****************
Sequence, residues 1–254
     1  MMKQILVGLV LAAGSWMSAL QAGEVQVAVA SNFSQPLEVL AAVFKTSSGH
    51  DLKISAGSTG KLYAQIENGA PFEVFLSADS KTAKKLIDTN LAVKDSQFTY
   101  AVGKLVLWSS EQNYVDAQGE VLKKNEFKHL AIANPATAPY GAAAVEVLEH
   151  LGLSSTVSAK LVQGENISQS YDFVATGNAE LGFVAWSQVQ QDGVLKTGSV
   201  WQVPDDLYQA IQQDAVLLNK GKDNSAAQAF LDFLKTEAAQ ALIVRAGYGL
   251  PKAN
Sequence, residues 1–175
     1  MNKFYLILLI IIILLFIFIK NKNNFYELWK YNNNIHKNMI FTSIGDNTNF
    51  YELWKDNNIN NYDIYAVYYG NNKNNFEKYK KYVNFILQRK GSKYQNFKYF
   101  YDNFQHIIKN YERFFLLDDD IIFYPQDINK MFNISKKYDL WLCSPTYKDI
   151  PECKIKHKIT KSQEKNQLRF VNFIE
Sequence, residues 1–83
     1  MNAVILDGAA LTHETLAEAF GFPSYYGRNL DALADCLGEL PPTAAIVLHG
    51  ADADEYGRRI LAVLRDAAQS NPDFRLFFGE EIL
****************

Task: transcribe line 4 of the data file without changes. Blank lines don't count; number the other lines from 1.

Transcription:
   101  AVGKLVLWSS EQNYVDAQGE VLKKNEFKHL AIANPATAPY GAAAVEVLEH